About Us

Dr. Mona Yaptangco

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Born in Clark Air Force Base in the Philippines and raised in Tokyo, Japan, I have vivid memories of moving approximately every four years due to my father’s military career. Immersed in a variety of different cultures, I developed an initial curiosity about cultural and individual differences in the way that people think, respond, and behave in their environment. When I enrolled at the University of Washington in Seattle as an undergraduate student, I became fascinated with psychology after taking courses such as Psychology 101 and Abnormal Psychology and later becoming involved in a research lab, which focused on biological and environmental correlates of adolescent depression and self-injury. Well into my second quarter of sophomore year, I decided to change my major from pre-med to psychology. This decision was an easy one for me to make when I decided I not only wanted to treat symptoms of a disorder, but also have the opportunity to hear an individual’s story in their attempts to heal.

In August 2011, I moved from Seattle to Salt Lake City to attend the University of Utah’s doctoral program in Clinical Psychology. Among the clinical training experiences in graduate school, I completed a variety of psychological assessment focused practicums at the Utah State Hospital, Primary Children’s Center for Counseling, the University of Utah Counseling Center, and the UNI Behavioral Health Outpatient Clinic. I later completed my internship year at the University Neuropsychiatric Institute (formerly UNI, now the Huntsman Mental Health Institute), where I received training on a number of psychological assessments for ADHD, autism spectrum disorder, cognitive abilities, achievement, executive functioning, and personality. My clinical training experiences across various settings and diverse populations along with my own personal experiences helped me develop an increased understanding of how individuals respond to their environment through a culturally sensitive lens.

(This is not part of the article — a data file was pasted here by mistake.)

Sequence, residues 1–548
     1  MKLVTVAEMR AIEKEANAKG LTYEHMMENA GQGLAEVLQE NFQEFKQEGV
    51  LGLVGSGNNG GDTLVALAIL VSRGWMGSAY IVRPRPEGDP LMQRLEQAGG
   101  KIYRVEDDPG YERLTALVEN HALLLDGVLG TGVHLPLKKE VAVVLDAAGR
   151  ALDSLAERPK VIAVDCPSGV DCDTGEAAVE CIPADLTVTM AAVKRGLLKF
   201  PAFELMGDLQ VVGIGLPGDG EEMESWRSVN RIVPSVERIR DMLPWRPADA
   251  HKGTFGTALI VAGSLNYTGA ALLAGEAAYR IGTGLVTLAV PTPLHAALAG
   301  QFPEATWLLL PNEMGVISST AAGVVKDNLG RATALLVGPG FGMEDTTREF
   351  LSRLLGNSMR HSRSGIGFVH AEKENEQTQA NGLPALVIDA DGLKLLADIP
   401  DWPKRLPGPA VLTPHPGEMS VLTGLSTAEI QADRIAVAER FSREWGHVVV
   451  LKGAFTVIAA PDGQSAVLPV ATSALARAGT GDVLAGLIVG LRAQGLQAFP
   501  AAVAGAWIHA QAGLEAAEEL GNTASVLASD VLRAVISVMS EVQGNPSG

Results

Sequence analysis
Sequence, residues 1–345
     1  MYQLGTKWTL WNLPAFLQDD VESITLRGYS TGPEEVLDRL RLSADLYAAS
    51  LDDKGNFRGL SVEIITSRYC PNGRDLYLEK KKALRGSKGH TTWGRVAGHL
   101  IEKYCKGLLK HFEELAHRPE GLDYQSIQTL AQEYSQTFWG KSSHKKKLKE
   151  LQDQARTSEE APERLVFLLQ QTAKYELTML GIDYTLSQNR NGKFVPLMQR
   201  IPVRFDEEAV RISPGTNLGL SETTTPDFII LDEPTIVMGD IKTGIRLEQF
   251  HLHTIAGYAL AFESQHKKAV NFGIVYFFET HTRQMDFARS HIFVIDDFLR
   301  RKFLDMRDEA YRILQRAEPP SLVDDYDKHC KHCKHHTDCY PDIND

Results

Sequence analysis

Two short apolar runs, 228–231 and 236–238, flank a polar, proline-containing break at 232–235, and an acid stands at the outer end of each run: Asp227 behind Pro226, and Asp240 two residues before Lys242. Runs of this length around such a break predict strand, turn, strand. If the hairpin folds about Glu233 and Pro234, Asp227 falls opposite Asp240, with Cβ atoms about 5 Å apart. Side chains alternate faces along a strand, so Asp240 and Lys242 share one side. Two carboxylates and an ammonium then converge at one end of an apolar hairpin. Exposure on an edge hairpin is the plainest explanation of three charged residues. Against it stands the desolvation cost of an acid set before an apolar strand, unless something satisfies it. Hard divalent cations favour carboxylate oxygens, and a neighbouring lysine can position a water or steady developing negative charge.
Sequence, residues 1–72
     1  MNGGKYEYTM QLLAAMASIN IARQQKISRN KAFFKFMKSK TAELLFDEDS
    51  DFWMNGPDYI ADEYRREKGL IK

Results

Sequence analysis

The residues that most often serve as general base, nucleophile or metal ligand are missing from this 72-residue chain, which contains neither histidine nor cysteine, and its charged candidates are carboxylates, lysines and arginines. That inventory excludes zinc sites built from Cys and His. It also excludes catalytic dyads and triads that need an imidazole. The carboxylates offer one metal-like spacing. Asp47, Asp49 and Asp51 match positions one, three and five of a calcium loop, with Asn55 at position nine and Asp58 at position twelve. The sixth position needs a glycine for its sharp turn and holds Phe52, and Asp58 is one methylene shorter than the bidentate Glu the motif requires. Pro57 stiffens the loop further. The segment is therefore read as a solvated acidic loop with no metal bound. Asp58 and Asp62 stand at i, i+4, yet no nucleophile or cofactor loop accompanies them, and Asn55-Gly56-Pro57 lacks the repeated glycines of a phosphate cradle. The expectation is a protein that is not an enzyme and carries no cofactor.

After completing my internship and receiving my degree, I accepted a post-doctoral fellowship at Brown University in Providence, Rhode Island where I worked with children, adolescents, and their families as part of a children’s partial hospitalization program (PHP) and an adolescent comprehensive Dialectical Behavior Therapy (DBT) program. This experience was one that was truly transformative, as I had the opportunity to explore the east coast and again be immersed in a different culture that I was unfamiliar with.  Beyond the differences in culture and lifestyle, I received invaluable training in making appropriate diagnoses, treatment plan development, behavior plan development, and developing recommendations for disposition given each child and family’s unique skill set, strengths, and challenges. During my post-doctoral fellowship, I also attended several school meetings in Rhode Island and Massachusetts where I met with school staff to support a child’s transition back to school from PHP. These meetings often included information about the child’s progress at PHP, behavioral interventions the school could implement to manage a child’s behavior, and recommendations for academic accommodations given a child’s mental health diagnoses. 

At the completion of my post-doctoral fellowship, I knew without a doubt that I wanted to return to the beautiful mountains of Utah and continue working with individuals who struggle with anxiety, depression, suicidal ideation, and/or self-harm behaviors. I feel very fortunate to be able to return to HMHI, a psychiatric hospital in Salt Lake City where I currently work as a psychologist in the Comprehensive Assessment and Treatment Program. In this position, I am part of a multidisciplinary treatment team where I provide individual therapy, family therapy, and administer psychological assessments to patients and their families. Perhaps the part that I find most rewarding in this role is using assessment results to assist the treatment team with diagnostic clarification and determine helpful treatment recommendations for each individual. I feel incredibly lucky to have a career that is consistent with my values and allows me to help others develop and reach their own goals. I look forward to collaborating with clients to help them develop a better understanding of their individual experiences while simultaneously helping them find ways to enrich their lives.